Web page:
Over his lifetime, Ratzinger became a dominant force in the intellectual debate over the influence of progressive liberalism in the West and the world, notably debating with atheist philosophers like Jurgen Habermas with mutual concessions and respect. His life spanned the early optimism and dominance of Wilsonian idealism, Nazi rule and defeat in World War II, the Cold War, the fall of the Berlin Wall, and the end of the Soviet Union.

He rejoiced in the Cold War victory but did not see it as The End of History or believe that it produced a new man to populate it. To Ratzinger, 1991 was no more a final victory than it was 1917. Indeed, his magnum opus, a collection of articles written during the 1990s until his papacy, Truth and Tolerance, predicted the end of the Enlightenment itself.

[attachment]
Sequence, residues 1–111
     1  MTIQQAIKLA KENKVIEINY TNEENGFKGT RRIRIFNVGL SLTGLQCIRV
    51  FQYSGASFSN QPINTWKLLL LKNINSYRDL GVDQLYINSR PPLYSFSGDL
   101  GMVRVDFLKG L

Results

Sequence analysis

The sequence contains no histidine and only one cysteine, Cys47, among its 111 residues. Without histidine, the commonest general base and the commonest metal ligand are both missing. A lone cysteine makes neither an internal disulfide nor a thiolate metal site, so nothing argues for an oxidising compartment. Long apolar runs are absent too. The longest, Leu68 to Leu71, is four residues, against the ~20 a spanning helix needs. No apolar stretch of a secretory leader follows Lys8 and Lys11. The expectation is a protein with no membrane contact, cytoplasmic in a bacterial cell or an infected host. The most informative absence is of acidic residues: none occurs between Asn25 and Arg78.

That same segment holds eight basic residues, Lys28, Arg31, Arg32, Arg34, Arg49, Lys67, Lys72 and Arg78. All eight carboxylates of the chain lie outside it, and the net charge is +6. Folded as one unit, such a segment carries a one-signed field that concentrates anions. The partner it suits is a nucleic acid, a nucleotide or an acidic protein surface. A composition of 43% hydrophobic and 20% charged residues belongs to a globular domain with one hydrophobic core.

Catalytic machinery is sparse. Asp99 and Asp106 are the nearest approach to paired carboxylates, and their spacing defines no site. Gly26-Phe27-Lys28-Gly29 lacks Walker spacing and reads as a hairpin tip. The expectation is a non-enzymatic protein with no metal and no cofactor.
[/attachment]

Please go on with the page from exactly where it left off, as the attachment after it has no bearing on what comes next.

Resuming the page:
By the close of the 20th century, it had become clear to both the religious Ratzinger and secular Habermas that Western reason, science, democracy, and unbounded freedoms were failing. The Nazi and communist alternatives had fallen but the “feeling that democracy is still not the right form of freedom is fairly general” Ratzinger noted. Critics were raising valid questions about its legitimacy.

How free are elections? To what extent is the people’s will manipulated by publicity, that is by capital, by the agency of a few people who dominate public opinion? Is there not a new oligarchy of the people who decide what is modern and progressive, what somebody enlightened has to think? How fearsome this oligarchy is, the way they can publicly execute people, is well enough known. Anyone who gets in their way is an enemy of freedom because he is preventing freedom of expression.